Unfortunately this ‘just’ and ‘fair’ ideology for both the criminal and society as a whole is only practical in theory. An in depth study of over 20 state prisons within the United states (by sociologist Rosemary Erickson) has revealed that out of 310 convicted bank robbers and street muggers interviewed showed that the threat of punishment was of no, or little deterrence despite the fact that most prisoners had previously served time in prison before. The research strongly suggests that the threat of punishment has little meaning to robbers, as 83 percent seriously believed they would not get caught, whilst 80 percent had no idea as to the punishment they would receive. These findings within themselves create a new dilemma for the implementation of punishment. Deterrence does not seem to be of much use against hard criminals, nor do long prison sentences. The most prominent reasoning for this conclusion stems directly from the authorities inability to cope with high crime rates with limited resources, making capture at the best of times difficult if not impossible. And while this loop hole exists within the legal system, sentencing cannot possibly reach it’s prime directives effectively. Consider cases of burglary as an example. "Of the burglaries committed, less than 7 percent result in an arrest. Of those arrested, 90 percent are prosecuted, 53 percent are convicted. Of those convicted, 42 percent are sent to prison. If we multiply these probabilities together, we find that a burglar has only a 1.4 percent probability of doing prison time".
Keeping this failure in mind, it is almost understandable why such countries as China and the United States of America still opt for the death penalty in cases that involve serious criminal actions such as murder and drug trafficking. Pro death penalty advocates claim it is the only punishment that can offer an equivalent degree of severity for serious crimes like murder and at the same time act as the best deterrence. But there exist two failures in this system of an ‘eye for an eye’. The first is that in taking another life for retribution the system and the society that has developed it are in effect lowering their own standards and in effect becoming what they are persecuting. The second failure simple revolves around fairness. If we have death sentences for individuals who have murdered, then it would only be fair that the system begin to burn arsonists, and have belongings of thieves stolen. As this would undoubtedly not be the case, then there should not be any place for double standards within any criminal system.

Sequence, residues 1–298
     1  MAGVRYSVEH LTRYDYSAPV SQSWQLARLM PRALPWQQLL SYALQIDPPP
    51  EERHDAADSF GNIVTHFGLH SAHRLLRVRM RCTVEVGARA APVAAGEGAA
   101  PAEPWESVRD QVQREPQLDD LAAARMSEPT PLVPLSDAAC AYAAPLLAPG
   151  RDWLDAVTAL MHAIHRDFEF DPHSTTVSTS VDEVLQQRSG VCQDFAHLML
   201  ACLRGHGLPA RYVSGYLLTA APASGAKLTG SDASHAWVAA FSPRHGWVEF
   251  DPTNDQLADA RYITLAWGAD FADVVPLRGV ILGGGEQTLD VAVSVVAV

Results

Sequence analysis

The death penalty is then faced with yet another two perplexities. Within 38 of the 50 states in America that currently impose the death penalty, the homicide rate has continued to increase. Reasons for this can possibly be attributed to ‘impulse murders’ that have not been pre-planed, and as such, no accurate data is available to make any definite conclusions. But logic suggests that crimes with no ‘mens rea’ stand no probable chance of deterrence regardless of the strength of the penalties to follow. The other problem facing this form of punishment is that even in a highly developed legal system, with the right of appeal and high standards of proof, the possibility of executing an innocent person is a constant risk. Timothy Evans was hung on the 8th of November 1949, then later in October 1966 received a posthumous pardon clearing him of the murder of his child. " There are a considerable number of other prominent cases in the United Kingdom were the death penalty could have lead to wrongful executions had it been available in recent decades. These include the wrongful convictions for child murder (Stefan Kizsco), for terrorist offences and multiple murder (Guildford Four, Birmingham Six, Judith Ward) and for the murder of a police officer (Tottenham Three)".